Magoye work towards Clean Water & Sanitation

28th October 2015

During the household surveys we carried out over the last couple weeks in Magoye, we started to learn about the people living in this community.

Nearly all families we have spoken to have had a family member suffer from diarrhoea in the last six months, a few homes have even lost their children due to diarrhoea.

At first glance Magoye is a blissful, developed village with nearly all members of the community in employment, and nearly the entire community owning their own toilet and some homes even have electricity.

After a short time in the village the underlying issues have become apparent and we are here to encourage and empower the community to make sustainable change for themselves and help demonstrate the importance of good hygiene and the treatment of water to help prevent disease.

Raleigh volunteers in the village of Magoye
Raleigh volunteers in the village of Magoye

Let’s start from the very beginning – week one – which included teaching the 6 steps of hand washing to raise water and sanitation awareness as well as trying to integrate in to the community.

“Hello I’m Robin and I would like to share with you some of the progress we have made in the community of Magoye during our first week. Instantly walking around the village I felt welcome, it was a fantastic feeling to get the ‘ball rolling’. We had hosted and attended numerous meetings with the community to arrange events and meet the households and some of the key members of the community in an attempt to introduce the team and our goals and intentions. These have proven themselves to be of huge importance as it opened doors for the team to obtaining and collecting some baseline information which has helped us identify areas where we would like to concentrate our focus.”

During the second week we were excited to meet the head of the Primary School. We initially all introduced ourselves to the principle and got to explain why we wished to promote the importance of water sanitation and hygiene in their school. We have since delivered several activities with each year group in the Primary School based around the importance of good hand washing techniques to help prevent disease.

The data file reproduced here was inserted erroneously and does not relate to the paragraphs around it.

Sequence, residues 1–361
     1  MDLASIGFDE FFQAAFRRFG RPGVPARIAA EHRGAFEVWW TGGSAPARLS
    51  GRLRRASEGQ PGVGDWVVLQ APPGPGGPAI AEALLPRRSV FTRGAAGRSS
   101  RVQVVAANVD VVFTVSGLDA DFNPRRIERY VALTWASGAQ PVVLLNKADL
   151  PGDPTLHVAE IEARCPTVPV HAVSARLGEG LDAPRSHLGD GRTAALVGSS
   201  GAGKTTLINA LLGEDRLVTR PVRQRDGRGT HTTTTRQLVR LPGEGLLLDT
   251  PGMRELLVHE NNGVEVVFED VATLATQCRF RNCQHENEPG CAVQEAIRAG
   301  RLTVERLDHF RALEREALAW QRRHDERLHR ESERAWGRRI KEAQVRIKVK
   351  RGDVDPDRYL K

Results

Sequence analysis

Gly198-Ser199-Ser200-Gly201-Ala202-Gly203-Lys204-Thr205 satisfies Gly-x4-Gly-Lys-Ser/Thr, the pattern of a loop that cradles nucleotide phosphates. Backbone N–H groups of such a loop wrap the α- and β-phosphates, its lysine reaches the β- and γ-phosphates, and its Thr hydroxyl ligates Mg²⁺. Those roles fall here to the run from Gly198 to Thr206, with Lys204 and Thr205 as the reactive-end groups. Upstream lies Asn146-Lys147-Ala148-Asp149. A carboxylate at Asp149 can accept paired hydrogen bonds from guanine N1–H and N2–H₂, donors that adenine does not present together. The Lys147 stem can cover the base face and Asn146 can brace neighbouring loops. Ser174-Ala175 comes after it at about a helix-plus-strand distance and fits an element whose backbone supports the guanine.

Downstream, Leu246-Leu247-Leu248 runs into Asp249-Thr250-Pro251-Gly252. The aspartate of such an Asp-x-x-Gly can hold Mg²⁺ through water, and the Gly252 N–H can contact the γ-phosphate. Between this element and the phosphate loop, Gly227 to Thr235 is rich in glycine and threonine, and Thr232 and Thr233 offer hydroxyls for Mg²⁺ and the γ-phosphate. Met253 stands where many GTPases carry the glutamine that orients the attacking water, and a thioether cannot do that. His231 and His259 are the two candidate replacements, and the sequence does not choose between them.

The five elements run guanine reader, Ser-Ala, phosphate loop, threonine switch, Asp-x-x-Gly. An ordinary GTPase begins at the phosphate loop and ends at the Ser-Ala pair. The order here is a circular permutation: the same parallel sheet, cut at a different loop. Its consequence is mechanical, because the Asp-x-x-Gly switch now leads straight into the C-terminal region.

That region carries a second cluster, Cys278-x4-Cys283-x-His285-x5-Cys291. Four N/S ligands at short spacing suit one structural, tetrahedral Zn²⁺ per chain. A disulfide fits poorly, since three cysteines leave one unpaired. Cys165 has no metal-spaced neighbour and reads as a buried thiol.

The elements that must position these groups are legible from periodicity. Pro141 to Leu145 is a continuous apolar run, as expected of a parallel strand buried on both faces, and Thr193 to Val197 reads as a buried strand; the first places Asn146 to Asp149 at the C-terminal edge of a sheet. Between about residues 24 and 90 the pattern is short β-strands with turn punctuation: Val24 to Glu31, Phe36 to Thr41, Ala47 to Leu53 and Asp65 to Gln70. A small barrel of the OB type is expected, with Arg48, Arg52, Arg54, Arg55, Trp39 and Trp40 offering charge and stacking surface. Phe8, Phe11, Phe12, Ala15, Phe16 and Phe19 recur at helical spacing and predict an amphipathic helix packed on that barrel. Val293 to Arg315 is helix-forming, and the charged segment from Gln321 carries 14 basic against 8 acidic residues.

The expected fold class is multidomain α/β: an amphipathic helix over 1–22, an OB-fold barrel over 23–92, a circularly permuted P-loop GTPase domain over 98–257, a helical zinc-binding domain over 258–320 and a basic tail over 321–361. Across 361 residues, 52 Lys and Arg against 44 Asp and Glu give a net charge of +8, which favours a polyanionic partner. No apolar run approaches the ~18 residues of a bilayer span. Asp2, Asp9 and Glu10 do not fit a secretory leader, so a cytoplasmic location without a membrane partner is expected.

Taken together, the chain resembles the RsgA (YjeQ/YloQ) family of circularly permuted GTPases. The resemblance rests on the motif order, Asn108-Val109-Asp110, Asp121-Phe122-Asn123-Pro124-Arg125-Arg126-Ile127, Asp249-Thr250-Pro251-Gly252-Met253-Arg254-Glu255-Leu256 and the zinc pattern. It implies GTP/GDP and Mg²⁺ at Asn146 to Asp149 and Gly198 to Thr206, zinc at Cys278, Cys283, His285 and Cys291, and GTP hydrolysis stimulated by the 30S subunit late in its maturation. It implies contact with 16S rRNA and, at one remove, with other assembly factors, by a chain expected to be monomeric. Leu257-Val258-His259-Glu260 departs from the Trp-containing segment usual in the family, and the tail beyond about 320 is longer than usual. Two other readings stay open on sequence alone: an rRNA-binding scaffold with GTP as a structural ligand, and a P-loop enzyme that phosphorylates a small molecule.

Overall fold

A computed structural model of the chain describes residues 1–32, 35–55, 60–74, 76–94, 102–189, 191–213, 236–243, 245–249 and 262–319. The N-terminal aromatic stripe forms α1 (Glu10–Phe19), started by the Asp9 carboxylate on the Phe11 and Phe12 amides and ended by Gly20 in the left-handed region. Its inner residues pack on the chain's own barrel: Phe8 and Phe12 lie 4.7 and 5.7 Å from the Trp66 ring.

The biggest highlight of working with the school children so far has been teaching all 240 children about the global goals, youth empowerment and general hygiene through a song and dance!

The third week began by building tippy taps at each of the homestays. This has been a great way to raise awareness of a simple way to enable our host families to wash their hands in their home, teaching the families how to build and maintain them.

We have found that the crucial thing is to explain ‘why’ it is that we wash our hands; ensuring communities have knowledge on germs allows us to promote the best steps for disease prevention. The great thing about tippy taps is that they are built from recycled materials which are easily sourced and they are easy to make on a large scale for the entire community. The team held a village meeting to talk about tippy taps which went really well, with 150 people attending and asking lots of questions about how they could make their own and what the benefits were.

Volunteers on their way to tippy tap demonstration
Volunteers on their way to tippy tap demonstration

The previous week the team hosted a football match with the local youth group to get to know them and afterwards the team provided refreshments, after demonstrating the six steps of handwashing. The football match was a great way to get to know people without a language barrier.

We already feel like a part of the community in the 3 weeks we have been here.  We are getting to know people and integrating which is helping us work towards achieving global goal number 6, ‘Clean Water and Sanitation’ and Open Defecation Free status in Magoye!


Water, Sanitation and Hygiene Tanzania